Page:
Alex Holdridge and Linnea Saasen: Art Reflecting Life

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It’s not every guy that makes an indie cult classic (In Search of a Midnight Kiss), then is unable to get a followup made for seven years. Then again, it’s not every guy that gets to go to Berlin on vacation, fall in love with a beautiful dancer, run off to Montenegro with her, and make a semi-autobiographical film about it. With her as his partner, in life as well as art. But that’s what happened to Alex Holdridge and Linnea Saasen, whose new film Meet Me in Montenegro has, guaranteed, the most unusual backstory you’ve heard in quite awhile. They joined us recently to talk about the film, which they co-wrote, co-directed, and co-starred in, as well as co-lived, for that matter.

Paste: There’s a first question that is often tedious, but usually necessary, about the genesis of the project at hand. But in this case I’m really looking forward to hearing your answer, because after seeing the movie and knowing it was semi-autobiographical, I’m dying to know what parts are fully autobiographical for the two of you!
Alex Holdridge: It was a crazy process. I had done a big table read at the studio because I thought I was making this big studio film. I packed up everything I had and put it in my parents’ garage, and that was that. I was leaving L.A. to do this film in New York that had been years and years in the making. That’s what I thought was going to happen. So I take this vacation to Berlin and meet Linnea, and we fall madly in love on my last night there. And she asks me if I want to take this train ride to the Balkans, and I say, “Yes! Let’s do it!” She thinks she’s going off to art school…

Linnea Saasen: I had already given up my job and my apartment, and I was ready to move to Amsterdam. I had been living in Berlin for about two years.

Holdridge: So we travel down there, and it’s really terrific. Then she gets the news that she got the axe from art school. She was on the waiting list, but it was supposed to this really easy thing, but now it was not going to happen. At that same time, I got a call from the studio head—and it’s bad news when the studio head calls you. My phone didn’t even work; I had to check in to this tiny little hotel to take the phone call. And basically they said, “We decided that we don’t want to pull the trigger on your film this year.” So I walked back out, and we kind of looked at each other and said, “Okay, we have no jobs, no careers, and everything we own is on our backs.” And we thought this was a really hilarious way for two people to meet for the first time. So we went to a hotel in Sarajevo, wrote down and tacked up all the ideas on a wall, and then went back to Berlin.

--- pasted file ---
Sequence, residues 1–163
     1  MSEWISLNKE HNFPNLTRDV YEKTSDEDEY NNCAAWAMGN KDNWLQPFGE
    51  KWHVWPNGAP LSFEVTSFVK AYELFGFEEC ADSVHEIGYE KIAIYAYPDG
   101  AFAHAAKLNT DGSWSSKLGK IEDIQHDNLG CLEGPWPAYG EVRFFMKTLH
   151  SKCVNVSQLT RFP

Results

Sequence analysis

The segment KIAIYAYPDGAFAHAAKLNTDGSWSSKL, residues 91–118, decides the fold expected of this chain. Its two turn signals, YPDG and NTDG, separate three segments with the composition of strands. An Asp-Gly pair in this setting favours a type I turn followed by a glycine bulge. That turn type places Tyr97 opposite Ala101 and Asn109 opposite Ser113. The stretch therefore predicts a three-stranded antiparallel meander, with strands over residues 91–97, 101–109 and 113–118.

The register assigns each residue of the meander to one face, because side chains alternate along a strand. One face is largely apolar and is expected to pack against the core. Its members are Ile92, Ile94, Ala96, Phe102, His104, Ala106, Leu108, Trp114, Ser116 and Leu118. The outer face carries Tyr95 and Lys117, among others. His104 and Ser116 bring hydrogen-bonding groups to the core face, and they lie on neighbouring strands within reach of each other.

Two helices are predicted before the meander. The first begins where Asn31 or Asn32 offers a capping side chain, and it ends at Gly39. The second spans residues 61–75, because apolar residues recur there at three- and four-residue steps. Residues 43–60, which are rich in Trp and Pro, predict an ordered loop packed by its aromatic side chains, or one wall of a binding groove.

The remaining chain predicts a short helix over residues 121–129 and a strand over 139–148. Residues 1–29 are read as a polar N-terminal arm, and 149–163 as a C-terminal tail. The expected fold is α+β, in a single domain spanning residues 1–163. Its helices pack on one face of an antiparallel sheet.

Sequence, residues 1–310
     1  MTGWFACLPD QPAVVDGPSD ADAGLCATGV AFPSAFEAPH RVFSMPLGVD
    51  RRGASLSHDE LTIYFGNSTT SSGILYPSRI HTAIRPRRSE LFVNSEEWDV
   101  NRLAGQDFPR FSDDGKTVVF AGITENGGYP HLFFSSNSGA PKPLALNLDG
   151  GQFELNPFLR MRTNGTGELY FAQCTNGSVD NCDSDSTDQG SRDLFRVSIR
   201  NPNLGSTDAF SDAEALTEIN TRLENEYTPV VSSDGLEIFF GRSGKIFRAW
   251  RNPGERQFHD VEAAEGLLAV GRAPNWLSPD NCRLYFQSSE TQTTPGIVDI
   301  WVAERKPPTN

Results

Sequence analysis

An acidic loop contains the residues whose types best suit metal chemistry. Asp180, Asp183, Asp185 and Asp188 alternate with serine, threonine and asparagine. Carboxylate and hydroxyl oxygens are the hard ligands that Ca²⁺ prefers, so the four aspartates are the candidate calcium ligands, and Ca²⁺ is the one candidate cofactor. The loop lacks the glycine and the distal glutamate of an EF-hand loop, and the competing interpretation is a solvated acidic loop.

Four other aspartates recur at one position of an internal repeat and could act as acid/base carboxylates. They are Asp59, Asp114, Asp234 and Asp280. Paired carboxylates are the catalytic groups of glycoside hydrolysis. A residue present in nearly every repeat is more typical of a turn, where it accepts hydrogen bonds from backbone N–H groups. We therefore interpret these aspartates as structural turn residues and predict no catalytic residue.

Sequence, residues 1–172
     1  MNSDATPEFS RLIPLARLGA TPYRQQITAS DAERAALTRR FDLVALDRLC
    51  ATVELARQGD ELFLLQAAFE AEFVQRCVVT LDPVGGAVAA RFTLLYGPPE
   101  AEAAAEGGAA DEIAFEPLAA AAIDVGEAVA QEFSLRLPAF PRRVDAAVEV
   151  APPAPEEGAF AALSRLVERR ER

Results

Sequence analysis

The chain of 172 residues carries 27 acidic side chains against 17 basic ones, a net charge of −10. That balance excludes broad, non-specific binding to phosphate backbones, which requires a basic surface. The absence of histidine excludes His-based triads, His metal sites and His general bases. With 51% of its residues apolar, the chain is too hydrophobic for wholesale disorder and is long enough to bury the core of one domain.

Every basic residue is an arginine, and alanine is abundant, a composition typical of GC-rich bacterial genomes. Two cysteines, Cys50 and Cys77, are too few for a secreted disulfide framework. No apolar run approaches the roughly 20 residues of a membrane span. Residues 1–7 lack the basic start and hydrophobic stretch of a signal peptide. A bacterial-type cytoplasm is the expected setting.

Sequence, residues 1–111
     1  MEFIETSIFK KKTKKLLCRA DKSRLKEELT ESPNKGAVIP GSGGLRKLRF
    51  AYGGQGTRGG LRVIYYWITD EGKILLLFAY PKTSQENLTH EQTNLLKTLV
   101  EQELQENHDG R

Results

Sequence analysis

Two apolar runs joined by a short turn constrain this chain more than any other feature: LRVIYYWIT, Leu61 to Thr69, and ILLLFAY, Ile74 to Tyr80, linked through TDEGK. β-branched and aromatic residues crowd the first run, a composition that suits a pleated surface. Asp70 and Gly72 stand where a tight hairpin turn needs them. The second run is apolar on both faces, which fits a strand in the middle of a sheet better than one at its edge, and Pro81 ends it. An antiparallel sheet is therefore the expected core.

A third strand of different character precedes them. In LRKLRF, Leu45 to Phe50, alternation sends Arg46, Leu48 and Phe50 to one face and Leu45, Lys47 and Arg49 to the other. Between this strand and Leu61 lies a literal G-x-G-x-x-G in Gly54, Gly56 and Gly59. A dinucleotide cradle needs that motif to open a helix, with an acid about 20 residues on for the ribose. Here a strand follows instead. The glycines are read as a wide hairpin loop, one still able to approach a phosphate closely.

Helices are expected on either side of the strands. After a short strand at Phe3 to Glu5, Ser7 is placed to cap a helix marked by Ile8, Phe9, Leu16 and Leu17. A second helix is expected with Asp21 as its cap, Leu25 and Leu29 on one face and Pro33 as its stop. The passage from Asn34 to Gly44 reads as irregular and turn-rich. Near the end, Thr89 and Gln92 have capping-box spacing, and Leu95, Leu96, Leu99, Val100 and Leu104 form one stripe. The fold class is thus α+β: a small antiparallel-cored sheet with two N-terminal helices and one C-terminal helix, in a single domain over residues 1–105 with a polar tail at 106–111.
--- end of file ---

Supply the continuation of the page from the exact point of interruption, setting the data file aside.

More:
Paste: I know that dealing with semi-autobiographical characters can be quite a sticky wicket. You’re dealing with your own memories, and the emotions associated with them. But then, as you allude to in the café scene, you’re also trying to make a great movie. And the things that seem interesting and poignant at the moment in real life don’t always exactly translate into a great movie. So I suspect you have to have some kind of distance as well, right?
Holdridge: That’s why it took us four years to do it. (laughs)

Saasen: It’s definitely something that was on our minds constantly—how to make the movie interesting, how to have forward momentum all the time. And yeah, it was an intense and very long process to get it right.

Holdridge: You don’t want it to be this kind of megalomaniac thing. But we thought for our story, since it took place for so long and over several countries, if we could play these parts, we could have something really special. We could go to the cliffs of Montenegro and shoot, and then have flashbacks from three years ago, and use some of our photographs from real life to add some elements of real time, and we could go to Berlin and shoot in these underground clubs…

Saasen: Capture snow.

Holdridge: Yeah, wait for it to snow. These are things you can’t do with a traditional production. You can’t justify waiting six months for snow to get the shot. It’s just not practical. So for us, it was, what can we do to make this special for an independent film? And we had so much stuff. At one point we considered cutting it into a five-and-a-half-hour TV miniseries. There was just so much material and so many side characters. Even characters that only have one line in the film—they probably have several scenes that you’re not seeing. So as we kind of shaped it into a movie, that’s when it kind of got that forward momentum that Linnea was talking about. When we started getting feedback from people.